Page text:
If you’re in Bahrain, you must have felt the tension over the past few months. This tension could in large part be attributed to the Bandargate scandal in which some members of the government and royal family have been implicated in disseminating sectarian strife; a conspiracy which has kept the Bahraini political and apolitical scenes alight.
That powder keg is very close to explosion.
Over the last 3 weeks, parliament, at least the House of Representatives part in it, could not be convened due to vociferous demands by Al-Wefaq (+1) to question the main minister involved in Bandargate on financial irregularities which might be enough to impeach him. The other side of the House adamantly refused to let that intrinsic legislative tool be used claiming that the questioning is unconstitutional and using every single trick they can get hold of to hinder it. So much so that the House’s main legal council quit rather suddenly and flew back to his native Egypt – some say due to him being pressured and cajoled to change his position of which he maintained the constitutionality of the motion.
The “loyalists” as they have become known – wrongly in my view – ditched the main legal council’s advice, ridden roughshod on the second council who agreed with the first, and took the advice of the most junior of councils who seems to have given them what they want.
Al-Wefaq and Aziz Abul continue to hold onto the constitutionality of their demand and did not budge from their position. They want to question Ahmed Attiyatallah and have threatened to continue to disrupt the House’s proceedings until they get their demand. According to the Constitution and the Bylaws, they are well within their right to question said minister.
If you have been following the snippets of news over the past few days, there has been several shuttle meetings between Al-Wefaq and the higher powers in society; Al-Wefaq even met first with the prime minister and then the king to share their views with them. Both, apparently, did not want to interfere in the legislative process but gave their overt blessings that any minister – even if from within the royal family – is not above questioning.
Al-Dhahrani, the speaker of the house, still insists on the unconstitutionality of the motion and wants the house to vote on it. A process that Al-Wefaq is completely against due to it being against the House’s bylaws first, and second, because they can never win that vote given that the current make-up of the House is 22 against and 18 for. You will be interested to know that Al-Wefaq is represented by 18 votes in the House, even though they have gained 63% of the actual vote! But that’s another story.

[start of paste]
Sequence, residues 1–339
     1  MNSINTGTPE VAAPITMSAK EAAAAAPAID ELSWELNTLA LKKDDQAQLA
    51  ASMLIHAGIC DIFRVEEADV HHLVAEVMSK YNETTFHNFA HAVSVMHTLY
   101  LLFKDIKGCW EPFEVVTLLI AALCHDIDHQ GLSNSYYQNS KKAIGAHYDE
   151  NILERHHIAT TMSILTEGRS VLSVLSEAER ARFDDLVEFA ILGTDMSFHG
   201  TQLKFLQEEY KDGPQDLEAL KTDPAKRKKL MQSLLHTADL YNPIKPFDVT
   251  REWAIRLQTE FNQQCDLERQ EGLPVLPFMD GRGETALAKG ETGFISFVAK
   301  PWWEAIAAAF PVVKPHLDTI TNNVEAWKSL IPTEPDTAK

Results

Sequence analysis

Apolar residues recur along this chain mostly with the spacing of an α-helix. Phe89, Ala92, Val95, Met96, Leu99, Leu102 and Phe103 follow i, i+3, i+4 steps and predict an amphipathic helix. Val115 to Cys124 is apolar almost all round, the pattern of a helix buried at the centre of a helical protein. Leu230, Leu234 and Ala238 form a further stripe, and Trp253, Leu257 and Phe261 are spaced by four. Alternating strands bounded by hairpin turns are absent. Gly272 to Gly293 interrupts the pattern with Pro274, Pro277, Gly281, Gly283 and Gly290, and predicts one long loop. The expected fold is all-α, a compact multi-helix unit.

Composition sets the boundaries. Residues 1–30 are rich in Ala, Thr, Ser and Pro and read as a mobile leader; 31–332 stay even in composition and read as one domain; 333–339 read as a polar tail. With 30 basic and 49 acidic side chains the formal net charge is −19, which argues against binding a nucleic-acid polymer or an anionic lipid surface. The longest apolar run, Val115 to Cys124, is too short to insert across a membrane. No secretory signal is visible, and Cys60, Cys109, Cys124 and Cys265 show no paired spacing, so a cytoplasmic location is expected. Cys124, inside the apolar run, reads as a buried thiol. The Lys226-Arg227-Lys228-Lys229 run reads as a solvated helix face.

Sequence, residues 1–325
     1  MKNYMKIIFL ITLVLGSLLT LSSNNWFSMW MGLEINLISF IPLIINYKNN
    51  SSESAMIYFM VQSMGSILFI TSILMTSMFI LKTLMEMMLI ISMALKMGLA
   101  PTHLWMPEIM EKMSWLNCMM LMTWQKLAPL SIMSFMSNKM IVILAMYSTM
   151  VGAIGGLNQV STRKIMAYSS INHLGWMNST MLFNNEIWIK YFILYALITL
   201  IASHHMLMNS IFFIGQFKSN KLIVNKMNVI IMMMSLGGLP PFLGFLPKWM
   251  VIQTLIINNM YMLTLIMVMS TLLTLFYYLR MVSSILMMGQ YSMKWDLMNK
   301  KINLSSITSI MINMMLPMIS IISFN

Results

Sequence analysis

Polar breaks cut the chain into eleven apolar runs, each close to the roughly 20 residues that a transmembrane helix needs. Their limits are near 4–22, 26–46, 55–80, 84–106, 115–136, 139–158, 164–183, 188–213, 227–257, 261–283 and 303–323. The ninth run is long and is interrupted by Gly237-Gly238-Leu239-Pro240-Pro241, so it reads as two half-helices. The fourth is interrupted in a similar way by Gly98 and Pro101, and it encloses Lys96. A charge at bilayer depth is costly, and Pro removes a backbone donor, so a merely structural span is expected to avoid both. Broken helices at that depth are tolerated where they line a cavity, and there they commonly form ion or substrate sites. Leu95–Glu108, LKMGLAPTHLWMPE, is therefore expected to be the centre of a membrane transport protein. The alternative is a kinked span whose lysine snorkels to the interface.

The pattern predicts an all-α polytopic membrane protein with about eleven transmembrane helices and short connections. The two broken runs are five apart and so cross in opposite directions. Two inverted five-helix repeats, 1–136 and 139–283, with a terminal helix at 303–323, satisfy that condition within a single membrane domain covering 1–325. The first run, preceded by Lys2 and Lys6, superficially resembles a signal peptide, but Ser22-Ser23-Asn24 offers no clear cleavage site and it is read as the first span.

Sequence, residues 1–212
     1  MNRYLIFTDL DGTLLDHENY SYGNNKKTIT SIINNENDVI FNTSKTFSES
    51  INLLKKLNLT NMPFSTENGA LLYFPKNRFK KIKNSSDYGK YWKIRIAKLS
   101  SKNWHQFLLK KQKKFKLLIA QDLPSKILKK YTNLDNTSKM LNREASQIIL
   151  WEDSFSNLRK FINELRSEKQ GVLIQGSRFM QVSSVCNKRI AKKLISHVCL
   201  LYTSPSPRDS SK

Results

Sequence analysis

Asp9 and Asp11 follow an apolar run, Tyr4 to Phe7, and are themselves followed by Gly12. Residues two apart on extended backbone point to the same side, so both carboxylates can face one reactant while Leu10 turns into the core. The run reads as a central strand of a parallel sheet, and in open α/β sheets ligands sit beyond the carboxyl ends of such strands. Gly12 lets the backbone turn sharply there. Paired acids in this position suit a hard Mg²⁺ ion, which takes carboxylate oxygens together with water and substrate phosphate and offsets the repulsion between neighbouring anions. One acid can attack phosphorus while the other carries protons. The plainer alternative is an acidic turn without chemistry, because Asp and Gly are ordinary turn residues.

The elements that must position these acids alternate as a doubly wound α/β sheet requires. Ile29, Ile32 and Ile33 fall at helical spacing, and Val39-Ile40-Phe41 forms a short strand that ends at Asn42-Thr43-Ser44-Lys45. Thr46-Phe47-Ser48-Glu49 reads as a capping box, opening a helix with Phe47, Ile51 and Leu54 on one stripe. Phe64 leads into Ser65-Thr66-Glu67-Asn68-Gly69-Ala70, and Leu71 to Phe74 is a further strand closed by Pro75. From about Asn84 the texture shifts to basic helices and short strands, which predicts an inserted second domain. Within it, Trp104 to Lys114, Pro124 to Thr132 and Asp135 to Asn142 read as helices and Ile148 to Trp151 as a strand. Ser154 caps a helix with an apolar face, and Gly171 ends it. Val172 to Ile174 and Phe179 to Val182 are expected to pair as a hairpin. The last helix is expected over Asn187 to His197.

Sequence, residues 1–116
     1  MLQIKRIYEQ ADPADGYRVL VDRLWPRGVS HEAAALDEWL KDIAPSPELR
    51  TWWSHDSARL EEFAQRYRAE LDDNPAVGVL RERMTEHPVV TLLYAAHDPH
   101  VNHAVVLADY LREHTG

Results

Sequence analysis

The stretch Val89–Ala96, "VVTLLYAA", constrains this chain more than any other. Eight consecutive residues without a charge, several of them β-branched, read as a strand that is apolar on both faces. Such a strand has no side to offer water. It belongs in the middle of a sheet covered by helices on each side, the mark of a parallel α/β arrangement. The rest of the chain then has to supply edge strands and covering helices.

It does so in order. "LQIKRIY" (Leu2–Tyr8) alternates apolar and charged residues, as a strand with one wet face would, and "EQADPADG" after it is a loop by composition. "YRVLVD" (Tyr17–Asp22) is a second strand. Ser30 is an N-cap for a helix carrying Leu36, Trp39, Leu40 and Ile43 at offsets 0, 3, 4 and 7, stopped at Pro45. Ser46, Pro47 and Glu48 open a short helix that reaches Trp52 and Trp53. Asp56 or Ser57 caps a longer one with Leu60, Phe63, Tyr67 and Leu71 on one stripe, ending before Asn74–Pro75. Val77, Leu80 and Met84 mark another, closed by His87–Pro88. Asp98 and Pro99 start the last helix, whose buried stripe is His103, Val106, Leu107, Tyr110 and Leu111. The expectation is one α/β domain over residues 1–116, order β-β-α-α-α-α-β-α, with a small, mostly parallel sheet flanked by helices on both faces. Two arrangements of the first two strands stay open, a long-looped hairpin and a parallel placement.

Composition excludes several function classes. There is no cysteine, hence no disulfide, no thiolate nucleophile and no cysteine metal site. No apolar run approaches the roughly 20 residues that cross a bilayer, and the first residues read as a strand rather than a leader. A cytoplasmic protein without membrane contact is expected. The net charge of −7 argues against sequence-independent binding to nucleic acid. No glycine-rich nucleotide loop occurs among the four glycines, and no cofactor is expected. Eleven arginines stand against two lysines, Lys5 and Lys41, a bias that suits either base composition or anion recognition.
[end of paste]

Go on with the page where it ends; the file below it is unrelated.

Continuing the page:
Tomorrow promises to be stellar. Will parliament be dissolved because the intransigence of the proponents and the opponents of the motion, or will it continue to be disrupted without a solution in the offing?
I personally do not believe that it will be dissolved. A magic solution – as is typical in this country – will appear at the last minute and will save the moment. The stakes are far too high for this “democratic experiment” to fail now.
My mind is still boggled as to why the parliament itself is against using a very important tool like questioning a minister. Other than them being interfered with and pushed into their respective positions, I really have no explanation to this laughable situation.
Well, tomorrow is another day. The sun will continue to shine and business will continue to be done and migrant workers will continue to strike and buildings will continue to be built in spite of everything. The “boom” that we are experiencing; however, might well have a different sound to it come tomorrow.
We shall wait and see.